Typical in-studio banter for partners who've known one another since high school, where they bonded over a shared passion for jam bands during Landau's sophomore year at Ladue. At age 31, Landau's football-player physique, buzz-cut hair and jovial grin don't exactly scream "hip-hop impresario"; in build and demeanor he more closely resembles the serene Buddha that adorns his black "Rub My Belly for Good Luck" T-shirt. Two years older than Landau, Goldenberg sports thick dark hair and a neat goatee. He pipes up less frequently than his voluble partner, but when he does his words spill forth louder, quicker and with more resolve.

For a guy Landau describes as "the only Jewish Buddhist you'll ever run across," Goldenberg seems decidedly the more high-strung of the pair. As a teen he lived for jam bands in general and the Grateful Dead in particular. After graduation he left St. Louis for sunny Santa Barbara, a phase during which he followed the Dead across the nation and earned a degree in recording arts from Full Sail, a creative-media college in Orlando, Florida. Then came a series of sound-production jobs. By the time his friend Landau earned his own degree from Full Sail, Goldenberg was ironing out a business plan for a combination Web company/recording studio.

Landau's love of music was forged in University City, where he spent his early adolescence "hangin' out and makin' beats" with junior-high hip-hoppers in buddy Lev Berlak's bedroom. Berlak became one of St. Louis' first hip-hop producers, working with Montell Jordan, Too $hort and the Digital Underground before moving to Oakland in 1991 to open a studio and collaborate with greats including the late Tupac Shakur.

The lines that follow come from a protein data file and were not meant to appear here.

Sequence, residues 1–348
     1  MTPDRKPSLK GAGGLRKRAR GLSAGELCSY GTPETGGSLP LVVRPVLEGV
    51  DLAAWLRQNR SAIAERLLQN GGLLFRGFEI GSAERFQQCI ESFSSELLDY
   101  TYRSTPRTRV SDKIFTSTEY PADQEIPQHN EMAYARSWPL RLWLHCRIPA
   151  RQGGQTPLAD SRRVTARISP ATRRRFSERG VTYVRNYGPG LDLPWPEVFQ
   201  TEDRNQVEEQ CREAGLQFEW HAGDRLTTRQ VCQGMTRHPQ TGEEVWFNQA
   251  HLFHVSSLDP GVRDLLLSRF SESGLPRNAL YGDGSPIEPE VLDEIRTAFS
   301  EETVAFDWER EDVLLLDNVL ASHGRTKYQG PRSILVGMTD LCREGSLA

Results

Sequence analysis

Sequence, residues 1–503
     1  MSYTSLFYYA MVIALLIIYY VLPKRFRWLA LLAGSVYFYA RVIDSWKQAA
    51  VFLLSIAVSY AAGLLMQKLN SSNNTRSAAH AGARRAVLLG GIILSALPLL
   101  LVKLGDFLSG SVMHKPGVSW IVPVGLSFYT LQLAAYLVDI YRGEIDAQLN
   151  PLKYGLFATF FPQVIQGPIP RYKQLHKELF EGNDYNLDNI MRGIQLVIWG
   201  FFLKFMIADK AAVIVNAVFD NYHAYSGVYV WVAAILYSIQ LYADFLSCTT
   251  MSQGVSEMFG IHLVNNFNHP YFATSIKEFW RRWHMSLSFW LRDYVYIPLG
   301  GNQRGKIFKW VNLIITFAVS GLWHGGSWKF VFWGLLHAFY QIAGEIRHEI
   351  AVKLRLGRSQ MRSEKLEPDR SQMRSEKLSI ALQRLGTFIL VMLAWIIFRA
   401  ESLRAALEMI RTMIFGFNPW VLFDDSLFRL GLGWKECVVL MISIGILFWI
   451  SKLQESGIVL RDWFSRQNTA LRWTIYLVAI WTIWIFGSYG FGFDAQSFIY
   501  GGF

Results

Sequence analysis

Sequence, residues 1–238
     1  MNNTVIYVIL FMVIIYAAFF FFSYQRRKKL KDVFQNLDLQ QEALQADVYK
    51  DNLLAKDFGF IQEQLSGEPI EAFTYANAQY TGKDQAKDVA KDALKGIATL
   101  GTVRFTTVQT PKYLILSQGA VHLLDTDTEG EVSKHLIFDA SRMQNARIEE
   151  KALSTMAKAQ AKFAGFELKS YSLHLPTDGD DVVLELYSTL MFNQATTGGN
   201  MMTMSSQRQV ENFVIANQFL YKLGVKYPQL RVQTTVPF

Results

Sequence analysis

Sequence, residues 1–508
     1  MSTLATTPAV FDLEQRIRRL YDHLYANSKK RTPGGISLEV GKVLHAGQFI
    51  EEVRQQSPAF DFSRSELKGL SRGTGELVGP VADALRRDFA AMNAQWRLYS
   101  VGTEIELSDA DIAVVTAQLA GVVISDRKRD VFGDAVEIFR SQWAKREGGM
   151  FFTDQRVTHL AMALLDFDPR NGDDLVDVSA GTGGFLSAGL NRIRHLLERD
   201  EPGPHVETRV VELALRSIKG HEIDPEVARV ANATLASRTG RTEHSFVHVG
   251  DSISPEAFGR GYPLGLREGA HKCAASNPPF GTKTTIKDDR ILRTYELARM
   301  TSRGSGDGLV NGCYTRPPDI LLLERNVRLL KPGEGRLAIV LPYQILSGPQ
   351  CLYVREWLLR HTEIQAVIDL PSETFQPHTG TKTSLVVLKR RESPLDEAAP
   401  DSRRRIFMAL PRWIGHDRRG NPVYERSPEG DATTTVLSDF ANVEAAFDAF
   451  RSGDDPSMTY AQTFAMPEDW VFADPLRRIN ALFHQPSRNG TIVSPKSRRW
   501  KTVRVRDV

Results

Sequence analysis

These days Landau lives in a Rock Hill ranch home with his wife of seven years, Anne, whom he met at the Hi-Pointe when he offered her a pair of earplugs. They have a five-year-old daughter, Ashley, and a two-year-old son, Mike Jr.

Fatherhood would seem to be the farthest thing from his mind right now, as his blaccent fills the studio air to the strains of "The Phat Buddha Song."

No time to waste in this quick-ass game

Muthafuckas getting famous, can't even define fame

It could be you, you or you who's next

Make a tight-ass demo and fly out West

Or take a trip East, it's all the same beast

Sick and tired of being hungry at the muthafuckin' feast

The dude can bark out a mean rhyme scheme when he's in the proper frame of mind. The lyrics aim to lure starry-eyed rappers to sign up for lucrative studio time, but they ring true for Landau and Goldenberg. Though the two are by no means starved for business, their minds are more flush with ambition than their bank accounts are filled with funds. Fly Moves, their artist-management endeavor, is shopping client demos to major labels. The partners dream of opening satellite studios in New York, LA and Miami, plus a restaurant/club venue in St. Louis to capitalize on downtown's rejuvenation and expand it westward into Phat Buddha's still-rough-around-the-edges neighborhood. Most of all, they want Phat Buddha to be known as St. Louis' top recording destination. As in the hip-hop game, flaunting those intentions helps sell the image.